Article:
Humble village pub
Who needs high streets filled with packed bars playing music too loud to talk over when you have country pubs? While retiring early with a good book is always an option, there is great nightlife to be enjoyed in the Yorkshire Dales. With other services such as shops and post offices being lost over time, the humble village pub is increasingly the focal point for many rural communities in the National Park.
They are a place where people gather in the evening and discuss the day over a few drinks. If the weather is cold, and often when it’s not, there will usually be a roaring open fire or wood-burning stove and there will always be a good selection of real ales on draught. Following the increase in popularity of cask brewed beer, a number of small breweries have opened in the Dales and you can sample their products in many local pubs.
It is very unusual for pubs in the Park not to sell food. The quality varies, but many serve excellent meals at reasonable prices and the portions will usually be hearty. Children are usually welcome until 9pm and later in some pubs if they are well-behaved. Those which aren’t will be sold as slaves, or so the signs say.
In many villages, it is tradition for locals to go out for a drink later than you might in a town. Often pubs will not get busy on a weekend until 10pm and even before late licenses were more readily issued, village pubs would stay open until the early hours or the last drinker had had enough and was ready for bed. You could call it a lock-in although the door was rarely actually locked.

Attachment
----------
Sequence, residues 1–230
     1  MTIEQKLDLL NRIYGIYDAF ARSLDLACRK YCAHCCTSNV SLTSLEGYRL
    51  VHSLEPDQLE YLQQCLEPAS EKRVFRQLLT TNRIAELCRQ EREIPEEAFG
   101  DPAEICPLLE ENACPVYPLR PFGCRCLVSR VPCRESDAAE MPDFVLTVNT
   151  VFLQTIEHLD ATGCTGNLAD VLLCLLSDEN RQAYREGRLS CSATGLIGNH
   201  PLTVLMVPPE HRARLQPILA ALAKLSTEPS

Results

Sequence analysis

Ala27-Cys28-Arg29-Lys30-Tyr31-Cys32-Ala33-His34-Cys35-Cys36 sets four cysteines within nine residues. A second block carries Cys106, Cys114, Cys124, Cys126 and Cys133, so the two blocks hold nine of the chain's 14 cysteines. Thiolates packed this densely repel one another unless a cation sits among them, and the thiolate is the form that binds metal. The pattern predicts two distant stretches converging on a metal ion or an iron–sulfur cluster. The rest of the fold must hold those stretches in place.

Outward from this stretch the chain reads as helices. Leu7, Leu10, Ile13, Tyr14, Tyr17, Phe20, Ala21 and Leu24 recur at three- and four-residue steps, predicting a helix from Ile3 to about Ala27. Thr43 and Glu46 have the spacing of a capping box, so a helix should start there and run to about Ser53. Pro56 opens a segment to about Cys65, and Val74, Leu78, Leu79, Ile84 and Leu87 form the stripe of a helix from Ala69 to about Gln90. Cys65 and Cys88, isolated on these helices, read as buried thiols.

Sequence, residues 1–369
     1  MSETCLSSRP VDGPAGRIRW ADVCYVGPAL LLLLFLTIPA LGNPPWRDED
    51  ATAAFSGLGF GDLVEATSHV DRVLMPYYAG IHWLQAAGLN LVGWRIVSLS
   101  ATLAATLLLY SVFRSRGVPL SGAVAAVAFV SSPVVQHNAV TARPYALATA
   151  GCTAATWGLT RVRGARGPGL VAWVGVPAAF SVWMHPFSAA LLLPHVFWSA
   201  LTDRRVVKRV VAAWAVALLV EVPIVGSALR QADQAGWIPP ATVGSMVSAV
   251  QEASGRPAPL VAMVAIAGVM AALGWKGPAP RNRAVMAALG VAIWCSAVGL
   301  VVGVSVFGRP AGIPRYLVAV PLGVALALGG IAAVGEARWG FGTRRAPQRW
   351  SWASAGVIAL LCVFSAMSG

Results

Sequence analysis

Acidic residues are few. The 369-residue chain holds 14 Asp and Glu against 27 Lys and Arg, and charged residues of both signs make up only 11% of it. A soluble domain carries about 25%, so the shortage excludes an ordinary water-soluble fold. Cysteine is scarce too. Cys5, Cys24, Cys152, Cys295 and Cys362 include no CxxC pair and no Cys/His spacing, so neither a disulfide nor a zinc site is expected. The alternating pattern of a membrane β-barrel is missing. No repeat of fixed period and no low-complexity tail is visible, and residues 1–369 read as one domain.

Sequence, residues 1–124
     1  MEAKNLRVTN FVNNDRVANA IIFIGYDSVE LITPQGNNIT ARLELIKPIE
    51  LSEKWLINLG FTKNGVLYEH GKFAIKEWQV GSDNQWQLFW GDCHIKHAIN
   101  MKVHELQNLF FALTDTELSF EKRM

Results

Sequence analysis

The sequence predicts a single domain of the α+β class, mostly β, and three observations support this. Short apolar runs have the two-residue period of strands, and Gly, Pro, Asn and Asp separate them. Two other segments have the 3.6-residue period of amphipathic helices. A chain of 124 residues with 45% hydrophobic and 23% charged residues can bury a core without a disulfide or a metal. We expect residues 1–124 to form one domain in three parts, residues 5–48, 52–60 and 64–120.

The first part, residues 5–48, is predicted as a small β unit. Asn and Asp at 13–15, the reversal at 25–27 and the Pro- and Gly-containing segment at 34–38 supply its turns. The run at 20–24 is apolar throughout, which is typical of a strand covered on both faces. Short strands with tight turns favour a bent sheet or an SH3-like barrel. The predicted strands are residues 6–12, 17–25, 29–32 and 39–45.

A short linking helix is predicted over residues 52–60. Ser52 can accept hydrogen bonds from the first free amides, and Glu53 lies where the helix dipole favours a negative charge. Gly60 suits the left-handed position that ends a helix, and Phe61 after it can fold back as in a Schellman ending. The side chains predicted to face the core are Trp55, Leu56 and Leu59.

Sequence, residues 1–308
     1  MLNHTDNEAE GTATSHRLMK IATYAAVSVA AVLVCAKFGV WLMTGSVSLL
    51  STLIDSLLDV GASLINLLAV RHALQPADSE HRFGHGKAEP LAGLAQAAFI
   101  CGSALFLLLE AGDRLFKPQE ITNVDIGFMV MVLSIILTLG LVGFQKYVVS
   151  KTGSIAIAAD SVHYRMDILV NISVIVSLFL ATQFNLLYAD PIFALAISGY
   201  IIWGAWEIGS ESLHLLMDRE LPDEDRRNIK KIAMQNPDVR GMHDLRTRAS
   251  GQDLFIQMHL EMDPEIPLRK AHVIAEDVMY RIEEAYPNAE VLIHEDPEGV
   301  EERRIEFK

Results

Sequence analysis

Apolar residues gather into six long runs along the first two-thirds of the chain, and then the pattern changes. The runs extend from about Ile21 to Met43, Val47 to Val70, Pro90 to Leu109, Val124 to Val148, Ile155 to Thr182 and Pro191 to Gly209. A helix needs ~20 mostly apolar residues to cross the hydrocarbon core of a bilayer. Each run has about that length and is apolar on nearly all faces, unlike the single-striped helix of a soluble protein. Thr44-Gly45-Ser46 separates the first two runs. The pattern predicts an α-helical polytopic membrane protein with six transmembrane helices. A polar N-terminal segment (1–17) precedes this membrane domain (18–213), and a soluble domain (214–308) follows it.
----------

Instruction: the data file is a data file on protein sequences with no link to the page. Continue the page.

Dales pubs are a wonderful place to spend a few hours on an evening, either joining in the conversation at the bar or listening in to others tackle the issues of the day. Visitors are usually made to feel very welcome by staff and locals alike.
Who needs high streets filled with packed bars playing music too loud to talk over when you have country pubs?
Market town nightlife
The biggest market towns in the Dales all have pubs which become lively, especially on a weekend. Live music nights by local rock and folk bands are common, as are pub quizzes and even the occasional karaoke night and disco. In Grassington, the Black Horse Hotel, in Garrs Lane, and the Forresters Arms, in Main Street, are among the most popular pubs, although there are several others to choose from.
The narrow streets of Sedbergh also boast a number of good pubs. The family-owned Dalesman Inn has four real ales on tap at any one time, often including local Dales beers such as Black Sheep from Masham. The Red Lion, in Finkle Street, is another traditional pub where you can play a game of darts or dominoes if you fancy.
Swaledale and Arkengarthdale have some great pubs for a drink and some food. The Farmers Arms at Muker is usually busy. On the walls there are photos from when Prince Charles called in for a game of dominoes with the locals. During the grouse shooting season royalty can occasionally be spotted over the tops at the Charles Bathurst Inn near Langthwaite.
Just down the road is the Red Lion, which has been run by landlady Rowena Hutchinson for almost 40 years. In Hawes, all four pubs – the Crown, Fountain, Board and White Hart – offer food, real ales and open fires. All the pubs are popular with visitors and locals, especially at the weekend when they can get very busy.